Dumpbin.exe method can solve the purpose probably.

Another alternative would be to use cygwin's file command. However, I have not tested it on windows. It works well on Linuxes.

Usage: file program_under_test.exe

EDIT: Just tested file.exe on window. works fine. :)

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This adds nothing that wasn't said by Dracs or Richard. This still requires running the program which the author wanted to avoid. –  Ramhound Oct 19 '12 at 10:45
Just wanted to say, that there are some situations, where Dracs's method will not be much helpful. –  anishsane Oct 19 '12 at 10:49
>>This still requires running the program which the author wanted to avoid: No.. we run it like: file.exe program_under_test.exe –  anishsane Oct 19 '12 at 10:49
And those who wish to avoid installing the whole cygwin package can grab the gnuwin32 file package. –  Bob Oct 19 '12 at 11:32
@anishsane Completely wrong. file simply reads data from the disk in binary format and checks for any magic numbers identifying them, comparing against a database. Windows' 32-bit programs come up as PE32, and both 64-bit and .NET programs come up as PE32+. The bitness of file itself makes absolutely zero difference - both 32-bit and 64-bit applications can read data from the disk, which is all it needs. –  Bob Jan 17 '14 at 2:24

I'm too new of a user to add a comment to anishsane's answer, but I can confirm that the file utility (e.g. from cygwin) does in fact distinguish between 32- and 64-bit executables. They appear as follows:

32.exe: PE32 executable (GUI) Intel 80386, for MS Windows
64.exe: PE32+ executable (console) x86-64, for MS Windows

As you can see, it's very obvious which is which. Additionally it distinguishes between console and GUI executables, also obvious which is which.

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If you don't have or want the whole Windows SDK or Visual Studio, you can use sigcheck.exe from SysInternals:

sigcheck.exe C:\Windows\Notepad.exe


Sigcheck v2.1 - File version and signature viewer
Copyright (C) 2004-2014 Mark Russinovich
Sysinternals - www.sysinternals.com

    Verified:       Signed
    Signing date:   8:59 AM 8/22/2013
    Publisher:      Microsoft Windows
    Description:    Notepad
    Product:        Microsoft« Windows« Operating System
    Prod version:   6.3.9600.16384
    File version:   6.3.9600.16384 (winblue_rtm.130821-1623)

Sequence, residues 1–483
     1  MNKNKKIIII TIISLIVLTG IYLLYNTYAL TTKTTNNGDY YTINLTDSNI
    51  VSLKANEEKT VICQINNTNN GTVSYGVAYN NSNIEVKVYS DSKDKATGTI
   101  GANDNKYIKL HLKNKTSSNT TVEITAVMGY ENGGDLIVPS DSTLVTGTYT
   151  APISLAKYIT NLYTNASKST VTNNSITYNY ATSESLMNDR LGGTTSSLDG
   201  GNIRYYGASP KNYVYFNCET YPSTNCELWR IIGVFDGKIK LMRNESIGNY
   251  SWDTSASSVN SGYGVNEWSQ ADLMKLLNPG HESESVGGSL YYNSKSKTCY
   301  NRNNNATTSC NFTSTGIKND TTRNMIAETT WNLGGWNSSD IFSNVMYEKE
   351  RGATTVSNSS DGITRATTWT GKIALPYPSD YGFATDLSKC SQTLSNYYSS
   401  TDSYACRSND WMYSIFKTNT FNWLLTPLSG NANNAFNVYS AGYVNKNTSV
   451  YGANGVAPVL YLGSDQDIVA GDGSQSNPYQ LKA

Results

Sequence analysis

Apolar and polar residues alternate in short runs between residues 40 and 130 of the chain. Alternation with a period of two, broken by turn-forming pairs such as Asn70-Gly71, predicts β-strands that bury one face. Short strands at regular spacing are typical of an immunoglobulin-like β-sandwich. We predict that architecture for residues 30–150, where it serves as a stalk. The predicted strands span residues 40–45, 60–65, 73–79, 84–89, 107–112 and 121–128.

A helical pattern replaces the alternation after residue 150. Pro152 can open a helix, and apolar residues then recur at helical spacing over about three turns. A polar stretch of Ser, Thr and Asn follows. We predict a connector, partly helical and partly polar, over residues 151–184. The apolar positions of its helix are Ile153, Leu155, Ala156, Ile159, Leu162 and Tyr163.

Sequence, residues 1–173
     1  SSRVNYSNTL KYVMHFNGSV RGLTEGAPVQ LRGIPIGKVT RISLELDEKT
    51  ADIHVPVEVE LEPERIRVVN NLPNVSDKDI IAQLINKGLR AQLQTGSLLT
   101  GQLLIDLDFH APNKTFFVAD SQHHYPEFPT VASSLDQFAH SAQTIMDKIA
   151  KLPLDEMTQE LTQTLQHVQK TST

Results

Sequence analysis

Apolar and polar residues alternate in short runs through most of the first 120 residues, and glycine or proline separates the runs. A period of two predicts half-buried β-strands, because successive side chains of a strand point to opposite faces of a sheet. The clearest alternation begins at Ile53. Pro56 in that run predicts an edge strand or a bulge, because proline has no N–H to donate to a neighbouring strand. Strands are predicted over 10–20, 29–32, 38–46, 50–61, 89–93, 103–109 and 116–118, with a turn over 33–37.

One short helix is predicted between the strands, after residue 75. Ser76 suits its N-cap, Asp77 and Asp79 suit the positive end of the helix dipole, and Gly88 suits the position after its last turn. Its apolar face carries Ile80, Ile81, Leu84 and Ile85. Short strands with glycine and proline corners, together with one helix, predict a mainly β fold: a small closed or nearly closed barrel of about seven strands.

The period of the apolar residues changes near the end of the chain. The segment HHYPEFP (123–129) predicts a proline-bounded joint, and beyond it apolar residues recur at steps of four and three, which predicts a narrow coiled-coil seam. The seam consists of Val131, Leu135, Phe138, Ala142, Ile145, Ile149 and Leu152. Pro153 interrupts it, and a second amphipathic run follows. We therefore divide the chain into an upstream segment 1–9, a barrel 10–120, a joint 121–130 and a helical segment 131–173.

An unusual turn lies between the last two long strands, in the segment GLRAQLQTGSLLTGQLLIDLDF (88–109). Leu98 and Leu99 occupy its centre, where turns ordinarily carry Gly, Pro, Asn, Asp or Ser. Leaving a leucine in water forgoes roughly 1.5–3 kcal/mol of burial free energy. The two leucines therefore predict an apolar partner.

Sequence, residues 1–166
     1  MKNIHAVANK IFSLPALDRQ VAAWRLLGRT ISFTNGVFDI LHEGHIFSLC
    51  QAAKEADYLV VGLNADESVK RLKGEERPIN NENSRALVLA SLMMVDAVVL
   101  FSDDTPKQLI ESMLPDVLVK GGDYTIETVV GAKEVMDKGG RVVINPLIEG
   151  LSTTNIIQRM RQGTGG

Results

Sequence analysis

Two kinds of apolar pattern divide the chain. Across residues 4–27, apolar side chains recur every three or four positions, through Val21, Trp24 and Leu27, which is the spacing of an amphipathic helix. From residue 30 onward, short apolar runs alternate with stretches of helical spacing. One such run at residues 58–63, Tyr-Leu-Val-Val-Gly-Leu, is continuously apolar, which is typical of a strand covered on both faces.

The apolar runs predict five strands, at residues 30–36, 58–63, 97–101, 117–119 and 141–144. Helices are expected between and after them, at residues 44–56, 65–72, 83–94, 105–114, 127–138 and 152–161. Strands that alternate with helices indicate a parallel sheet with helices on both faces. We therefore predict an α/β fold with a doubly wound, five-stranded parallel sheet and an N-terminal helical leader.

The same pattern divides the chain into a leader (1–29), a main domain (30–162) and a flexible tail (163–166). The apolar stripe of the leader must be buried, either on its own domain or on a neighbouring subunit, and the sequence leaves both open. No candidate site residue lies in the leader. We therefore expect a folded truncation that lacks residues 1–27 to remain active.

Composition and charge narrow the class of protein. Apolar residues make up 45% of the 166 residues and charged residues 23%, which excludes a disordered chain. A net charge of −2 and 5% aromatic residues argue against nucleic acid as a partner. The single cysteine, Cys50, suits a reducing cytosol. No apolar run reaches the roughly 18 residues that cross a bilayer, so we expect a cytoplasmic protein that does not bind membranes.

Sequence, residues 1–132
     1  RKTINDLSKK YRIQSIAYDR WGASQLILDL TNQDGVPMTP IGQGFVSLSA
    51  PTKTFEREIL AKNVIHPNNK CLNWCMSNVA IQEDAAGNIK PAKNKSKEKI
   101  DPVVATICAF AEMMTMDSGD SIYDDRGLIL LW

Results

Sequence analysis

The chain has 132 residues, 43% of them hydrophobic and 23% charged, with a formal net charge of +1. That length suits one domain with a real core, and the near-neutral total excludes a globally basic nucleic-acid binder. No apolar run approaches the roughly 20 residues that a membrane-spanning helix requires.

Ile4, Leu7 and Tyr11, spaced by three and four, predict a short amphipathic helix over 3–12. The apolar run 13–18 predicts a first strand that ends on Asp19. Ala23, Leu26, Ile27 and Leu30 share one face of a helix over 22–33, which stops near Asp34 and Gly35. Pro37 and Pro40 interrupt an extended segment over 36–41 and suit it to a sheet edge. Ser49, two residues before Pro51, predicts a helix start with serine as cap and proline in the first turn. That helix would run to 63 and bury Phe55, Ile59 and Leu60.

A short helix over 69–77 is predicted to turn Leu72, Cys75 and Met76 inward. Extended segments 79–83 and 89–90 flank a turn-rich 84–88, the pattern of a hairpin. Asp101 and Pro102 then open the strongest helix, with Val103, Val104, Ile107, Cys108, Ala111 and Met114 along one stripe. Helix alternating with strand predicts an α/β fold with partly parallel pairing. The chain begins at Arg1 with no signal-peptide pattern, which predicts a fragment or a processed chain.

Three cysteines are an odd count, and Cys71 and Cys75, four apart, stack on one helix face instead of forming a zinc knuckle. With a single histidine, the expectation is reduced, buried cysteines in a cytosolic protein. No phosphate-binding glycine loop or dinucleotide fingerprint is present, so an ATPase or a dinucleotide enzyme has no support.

MachineType:    64-bit
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I find that Virustotal File detail is the simplest way to find out if a binary is 32 bit or 64 bit.

The Additional information option provides in addition much helpful informations about the file.

Virustotal analysis

[Virustotal TrID

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you can also use the file tool from within the msys bundle of mingw. It works like the unix command. Similar works the file tool from GNUwin32.

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Here's a Powershell solution, no external dependencies or anything. Open Powershell, paste the function in there (hit Enter twice so that you return to the prompt), then use it as in my examples below the function:

function Test-is64Bit {

    [int32]$MACHINE_OFFSET = 4
    [int32]$PE_POINTER_OFFSET = 60

    [byte[]]$data = New-Object -TypeName System.Byte[] -ArgumentList 4096
    $stream = New-Object -TypeName System.IO.FileStream -ArgumentList ($FilePath, ‘Open’, ‘Read’)
    $stream.Read($data, 0, 4096) | Out-Null

    [int32]$PE_HEADER_ADDR = [System.BitConverter]::ToInt32($data, $PE_POINTER_OFFSET)
    [int32]$machineUint = [System.BitConverter]::ToUInt16($data, $PE_HEADER_ADDR + $MACHINE_OFFSET)

    $result = "" | select FilePath, FileType, Is64Bit
    $result.FilePath = $FilePath
    $result.Is64Bit = $false

    switch ($machineUint) 
        0      { $result.FileType = ‘Native’ }
        0x014c { $result.FileType = 'x86' }
        0x0200 { $result.FileType = 'Itanium' }
        0x8664 { $result.FileType = 'x64'; $result.is64Bit = $true; }


Here's example output:

D:\> Test-is64bit

FilePath               FileType Is64Bit
--------               -------- -------
C:\Windows\notepad.exe x64         True

D:\> Test-is64bit 'C:\Program Files (x86)\Mozilla Firefox\firefox.exe'

FilePath                                           FileType Is64Bit
--------                                           -------- -------
C:\Program Files (x86)\Mozilla Firefox\firefox.exe x86        False
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  • run the application
  • open Task Manager
  • right click and create dump file
  • note down path
  • go to path and open .DMP dump in Visual Studio
  • there you get all the details
  • check process architecture:
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I feel obligated to underscore the fact that this answer requires running the application. Previous commenters suggested that this might be undesirable. Also, Visual Studio will not automatically be available on all Windows platforms. –  G-Man Mar 19 at 13:46